The Brick is packed. Not that it requires a Herculean effort to fill the small downtown indie-rock enclave with people. If you build it and stock it with cheap beer, they will come. Throw in some karaoke, maybe a trivia night, perhaps some live music, and the place will reach capacity. But tonight is different.
The second anniversary party for Sonic Spectrum — the Saturday afternoon radio show hosted by KCUR 89.3 music director Robert Moore — has brought the semi-ironic T-shirt crowd out of the … uh … brickwork.
The line is three-deep all along the bar. You can’t swing a pool cue at the billiards table in back without knocking over four malnourished hipsters. The dance floor is a stifling mass of thrift-store mannequins staring like a sea of Easter Island statues with Buddy Holly glasses at the stage, where Hot Fruit is smashing out jagged garage-punk amid squalling feedback.
Moore looks surprised as he scans the chaotic scene from the sanctity of a booth beside the soundboard.
“I’m overwhelmed, really,” Moore tells me. “Honestly, I thought there would be a decent turnout, but I wasn’t expecting anything like this. It makes me feel like people have really embraced what we’re doing.”
Embraced? More like latched onto Sonic Spectrum‘s leg and vigorously dry-humped it for as much under-the-radar music as Moore can expend in a two-hour, once-a-week burst. The show is still small potatoes — a short public-radio broadcast that reaches roughly 10,000 listeners each week — but it’s an aural feast for those left famished by formulaic Clear Channelization.
“Corporate radio sucks,” KCUR announcer Michael Byars tells the crowd between sets. “Thank you for listening. You are the reason why Robert puts in his blood, toil and soil into two hours of music that matters every week.”
The measured tone Moore conveys on his show belies his fetish for eclectic sounds. The music that matters — in his estimation — can include (as it did on the latest Spectrum) everything from Iron & Wine and Crooked Fingers to Rex Hobart and Hank Williams. And even though the show is a significant springboard for local acts, Moore doesn’t let just any group amble onto his airwaves.
“I’m not going to play something just because it’s a local band,” Moore says above the din of the Brick. “I don’t care if it’s a local band — if it’s bad, I’m not going to play it.”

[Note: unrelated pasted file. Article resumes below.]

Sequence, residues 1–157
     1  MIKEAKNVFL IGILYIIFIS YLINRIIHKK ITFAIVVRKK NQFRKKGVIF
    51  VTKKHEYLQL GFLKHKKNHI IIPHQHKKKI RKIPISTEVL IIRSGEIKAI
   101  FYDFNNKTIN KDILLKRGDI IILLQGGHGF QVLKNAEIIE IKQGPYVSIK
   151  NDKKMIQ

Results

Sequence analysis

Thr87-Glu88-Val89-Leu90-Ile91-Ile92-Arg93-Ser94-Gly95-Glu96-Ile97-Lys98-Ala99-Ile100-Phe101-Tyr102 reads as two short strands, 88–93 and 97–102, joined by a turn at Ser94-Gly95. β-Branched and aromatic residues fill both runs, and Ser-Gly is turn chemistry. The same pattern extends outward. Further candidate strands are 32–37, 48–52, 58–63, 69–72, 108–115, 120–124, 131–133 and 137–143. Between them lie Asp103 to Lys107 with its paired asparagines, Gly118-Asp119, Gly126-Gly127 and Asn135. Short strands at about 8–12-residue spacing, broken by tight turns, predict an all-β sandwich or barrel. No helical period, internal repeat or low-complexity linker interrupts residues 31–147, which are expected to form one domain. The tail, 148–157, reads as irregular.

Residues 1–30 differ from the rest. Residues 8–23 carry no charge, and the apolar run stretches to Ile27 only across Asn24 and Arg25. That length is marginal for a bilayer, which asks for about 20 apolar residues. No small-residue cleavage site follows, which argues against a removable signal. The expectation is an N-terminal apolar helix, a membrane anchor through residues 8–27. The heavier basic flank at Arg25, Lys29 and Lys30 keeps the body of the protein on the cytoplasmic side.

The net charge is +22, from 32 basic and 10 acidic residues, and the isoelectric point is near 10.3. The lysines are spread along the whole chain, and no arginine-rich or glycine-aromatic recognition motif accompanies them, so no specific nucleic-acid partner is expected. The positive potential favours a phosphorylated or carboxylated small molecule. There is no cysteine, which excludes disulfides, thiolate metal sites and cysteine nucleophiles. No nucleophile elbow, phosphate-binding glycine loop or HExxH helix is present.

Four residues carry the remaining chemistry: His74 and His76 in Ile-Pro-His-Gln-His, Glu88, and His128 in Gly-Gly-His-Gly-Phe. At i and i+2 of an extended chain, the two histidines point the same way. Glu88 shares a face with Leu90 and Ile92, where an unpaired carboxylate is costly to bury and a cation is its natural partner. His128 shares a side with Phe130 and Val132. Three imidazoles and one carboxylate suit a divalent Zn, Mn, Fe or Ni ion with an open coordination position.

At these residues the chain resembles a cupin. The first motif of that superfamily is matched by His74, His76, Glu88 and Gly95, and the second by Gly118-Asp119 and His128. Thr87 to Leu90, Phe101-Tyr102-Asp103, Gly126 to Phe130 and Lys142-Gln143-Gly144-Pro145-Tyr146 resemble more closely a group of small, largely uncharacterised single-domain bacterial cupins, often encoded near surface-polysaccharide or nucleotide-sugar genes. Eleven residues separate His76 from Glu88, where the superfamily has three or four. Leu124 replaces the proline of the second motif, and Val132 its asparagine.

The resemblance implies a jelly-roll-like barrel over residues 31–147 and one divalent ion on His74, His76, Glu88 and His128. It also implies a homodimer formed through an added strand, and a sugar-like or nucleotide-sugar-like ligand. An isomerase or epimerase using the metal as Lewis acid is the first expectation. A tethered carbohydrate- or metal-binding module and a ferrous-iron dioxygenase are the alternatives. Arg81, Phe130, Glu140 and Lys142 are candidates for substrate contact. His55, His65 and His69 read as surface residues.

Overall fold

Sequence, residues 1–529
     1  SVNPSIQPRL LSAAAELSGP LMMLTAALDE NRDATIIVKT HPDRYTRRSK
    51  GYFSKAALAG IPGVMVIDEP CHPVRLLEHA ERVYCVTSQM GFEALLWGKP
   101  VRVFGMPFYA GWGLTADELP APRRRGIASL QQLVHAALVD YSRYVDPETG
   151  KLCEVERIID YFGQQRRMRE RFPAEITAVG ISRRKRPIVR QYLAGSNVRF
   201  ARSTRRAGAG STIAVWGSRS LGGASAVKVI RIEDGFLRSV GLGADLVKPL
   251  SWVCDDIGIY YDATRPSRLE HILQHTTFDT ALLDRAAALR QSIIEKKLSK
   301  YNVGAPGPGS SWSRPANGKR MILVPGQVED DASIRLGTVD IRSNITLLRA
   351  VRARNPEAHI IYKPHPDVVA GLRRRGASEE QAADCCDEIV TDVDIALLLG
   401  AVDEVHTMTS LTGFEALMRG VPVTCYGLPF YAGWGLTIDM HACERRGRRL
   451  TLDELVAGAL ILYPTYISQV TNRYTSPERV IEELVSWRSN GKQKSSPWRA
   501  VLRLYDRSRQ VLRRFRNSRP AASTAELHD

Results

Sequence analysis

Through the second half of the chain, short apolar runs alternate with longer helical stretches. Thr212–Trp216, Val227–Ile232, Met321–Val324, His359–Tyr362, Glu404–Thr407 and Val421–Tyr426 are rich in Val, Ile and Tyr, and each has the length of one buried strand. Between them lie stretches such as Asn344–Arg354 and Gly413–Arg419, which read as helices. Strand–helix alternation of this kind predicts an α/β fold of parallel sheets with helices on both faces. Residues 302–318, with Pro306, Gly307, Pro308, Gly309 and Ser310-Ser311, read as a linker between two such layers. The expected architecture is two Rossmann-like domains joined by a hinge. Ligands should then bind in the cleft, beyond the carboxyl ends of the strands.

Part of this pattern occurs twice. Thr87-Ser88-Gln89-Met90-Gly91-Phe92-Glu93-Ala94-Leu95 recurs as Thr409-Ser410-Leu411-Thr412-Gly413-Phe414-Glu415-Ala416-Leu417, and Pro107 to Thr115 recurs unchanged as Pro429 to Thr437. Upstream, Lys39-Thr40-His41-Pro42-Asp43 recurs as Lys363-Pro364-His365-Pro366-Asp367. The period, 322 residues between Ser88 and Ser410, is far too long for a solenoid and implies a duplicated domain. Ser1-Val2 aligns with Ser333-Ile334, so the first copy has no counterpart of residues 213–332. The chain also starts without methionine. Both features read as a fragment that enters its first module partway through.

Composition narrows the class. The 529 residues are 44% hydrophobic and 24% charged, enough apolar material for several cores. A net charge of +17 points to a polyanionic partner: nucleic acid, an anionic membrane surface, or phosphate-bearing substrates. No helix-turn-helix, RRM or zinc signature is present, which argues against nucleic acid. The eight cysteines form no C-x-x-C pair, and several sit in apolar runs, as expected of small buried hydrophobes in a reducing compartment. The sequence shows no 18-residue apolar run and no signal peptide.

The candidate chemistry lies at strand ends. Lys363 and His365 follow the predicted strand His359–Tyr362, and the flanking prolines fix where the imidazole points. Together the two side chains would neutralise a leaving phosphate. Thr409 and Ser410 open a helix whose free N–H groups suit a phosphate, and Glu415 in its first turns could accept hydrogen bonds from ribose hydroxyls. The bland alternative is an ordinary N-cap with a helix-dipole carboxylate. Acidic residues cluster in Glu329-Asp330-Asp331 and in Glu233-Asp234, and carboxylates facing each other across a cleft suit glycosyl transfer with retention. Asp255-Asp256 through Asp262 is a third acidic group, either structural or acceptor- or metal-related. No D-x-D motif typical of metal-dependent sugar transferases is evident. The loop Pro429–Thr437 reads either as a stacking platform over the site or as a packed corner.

Not to say Moore hasn’t found a treasure trove of regional artists deserving of his spotlight. The bands performing at the anniversary party — Hot Fruit, In the Pines, Doris Henson, Minus Story and Unknown Pleasures — are just a sample of a music population dying for exposure.
“We have one of the best scenes in the nation, but people don’t realize it,” Moore says. “There are so many good bands and such diversity. Look at the Wilders — they don’t have a record deal, but every show they play is fucking packed…. [And] it’s really a crime that Namelessnumberheadman doesn’t have a deal.”
Onstage, Doris Henson is underscoring Moore’s insistence about what lies on the horizon for the local music community, as wild-eyed lead singer Matt Dunnehoo sings, I’ve got plans for a big future.
Moore has his own plans for the future of Sonic Spectrum. A wider audience. A longer show. National syndication. But all in due time. For now he is still just happy to be on the air and swimming against the mainstream.
“It’s been my dream to have a show like this since I was a teenager and I was listening to KROQ in Los Angeles,” he says. “[But] I couldn’t do this show in L.A. — in L.A. you gotta know somebody who blows somebody.”
The 38-year-old has cause to be jaded. Once upon a time, Moore worked within the gears of the corporate machine as an A&R man for Virgin Records in Los Angeles. Disenchanted by that experience, he fled to the Midwest in 1992 and worked at Recycled Sounds and KKFI 90.1 before beginning an ascent at KCUR that led to the creation of Sonic Spectrum two years ago.
Now the show has become a viable draw for voracious audiophiles — as evidenced by the impressive turnout at the Brick. Is Sonic Spectrum poised to become the next Little Steven’s Underground Garage? Not in the slightest.
First off, Moore would need to put in a few tours with Bruce Springsteen and a few seasons on The Sopranos before he could begin to compete with Mr. Van Zandt. And Moore would have to inject at least ten pieces of flair in his delivery to carry the show. No, this is still a small, weekly radio show at a small public-radio station in a small big city in the heartland. But just blurring the edges of what radio can accomplish is enough for Moore. For now.
“It is a free-form show, but there is a certain demographic that we’re aiming toward,” Moore says. “[But] I have pushed the boundaries of that further than I ever thought it would go. And I’ll continue to do that until they tell me to stop.”